Coretta Scott King Wrote A Letter Opposing Jeff Sessions And Republicans Have Been Hiding It Since 1986

This is how far Republicans will go to protect a racist in their party.

Thirty years after Congress rejected Jeff Sessions’ nomination as a federal judge, the Alabama Republican who only had a problem with the KKK because they smoked marijuana is once again up for a critical government post that could set voting rights back for generations.

Donald Trump’s nomination of Sessions as Attorney General has raised alarm bells across the nation as civil rights groups fear he will gut the Justice Department, particularly the division that investigates and fights voting rights and civil rights violations.

As a federal attorney, Sessions slapped voter fraud charges against black volunteers in his home state who were tasked with picking up and delivering absentee ballots to the post office so they could be counted. Sessions lost the case, and no one was indicted because the volunteers did nothing wrong. Sessions just hates black people and sees their voting as a crime.

Even former colleagues testified that Sessions is a racist.

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According to the New York Times,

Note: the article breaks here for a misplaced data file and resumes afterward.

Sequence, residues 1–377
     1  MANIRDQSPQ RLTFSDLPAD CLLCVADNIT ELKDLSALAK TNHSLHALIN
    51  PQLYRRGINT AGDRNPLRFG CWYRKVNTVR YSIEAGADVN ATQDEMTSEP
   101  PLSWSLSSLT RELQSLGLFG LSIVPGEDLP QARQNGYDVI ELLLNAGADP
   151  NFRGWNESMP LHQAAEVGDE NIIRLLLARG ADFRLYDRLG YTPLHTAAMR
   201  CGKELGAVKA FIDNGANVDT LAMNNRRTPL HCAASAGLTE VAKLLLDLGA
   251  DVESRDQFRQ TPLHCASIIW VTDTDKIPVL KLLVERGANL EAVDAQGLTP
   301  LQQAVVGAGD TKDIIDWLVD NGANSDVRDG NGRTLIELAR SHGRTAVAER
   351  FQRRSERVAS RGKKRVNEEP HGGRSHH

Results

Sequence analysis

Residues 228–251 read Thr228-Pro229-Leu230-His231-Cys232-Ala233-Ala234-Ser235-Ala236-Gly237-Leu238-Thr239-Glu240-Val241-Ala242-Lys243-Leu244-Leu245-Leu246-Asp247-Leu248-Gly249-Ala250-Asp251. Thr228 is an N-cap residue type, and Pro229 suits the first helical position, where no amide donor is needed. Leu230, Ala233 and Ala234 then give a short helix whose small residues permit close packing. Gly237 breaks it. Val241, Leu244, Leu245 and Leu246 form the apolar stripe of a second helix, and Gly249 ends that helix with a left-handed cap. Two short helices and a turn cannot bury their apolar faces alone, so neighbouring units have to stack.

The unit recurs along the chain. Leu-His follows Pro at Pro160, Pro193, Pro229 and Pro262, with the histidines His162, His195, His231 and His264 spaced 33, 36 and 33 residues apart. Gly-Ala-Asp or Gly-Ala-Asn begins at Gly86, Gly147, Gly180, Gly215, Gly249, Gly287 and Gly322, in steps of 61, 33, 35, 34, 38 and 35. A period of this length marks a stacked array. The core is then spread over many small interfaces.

In testimony before the committee, former colleagues said that Mr. Sessions had referred to the N.A.A.C.P., the Southern Christian Leadership Conference and other civil rights groups as “un-American” and “Communist-inspired.” An African-American federal prosecutor then, Thomas H. Figures, said Mr. Sessions had referred to him as “boy” and testified that Mr. Sessions said the Ku Klux Klan was fine “until I found out they smoked pot.”

If you still need proof that Sessions is a racist, just consider that white supremacists cheered when Trump announced his nomination.

But there is one piece of testimony that Republicans have been suppressing for decades that would be a nail in the coffin of Sessions’ effort to become Attorney General.

In 1986, Coretta Scott King, the widow of Martin Luther King, Jr., wrote a letter of testimony to the Republican-controlled Judiciary Committee that ended up rejecting Sessions.

Buzzfeed reports that racist Senator Strom Thurmond refused to put the letter in the Congressional record and the contents have been kept from public view ever since. But Knight Rider reporter Aaron Epstein published a piece of it in 1986 that explains why we should not believe Sessions when he claims he isn’t racist.

“For a century, the racial practices that characterized our region were established and enforced by men who, like Mr. Sessions, protested that they, too, were not personally hostile to blacks,” King wrote.

And that line alone should disqualify Sessions from ever being more than a racist senator. Because the last thing this country needs is a racist Attorney General in charge of the very institution that investigates voter suppression, discrimination, and hate crimes against people of color.

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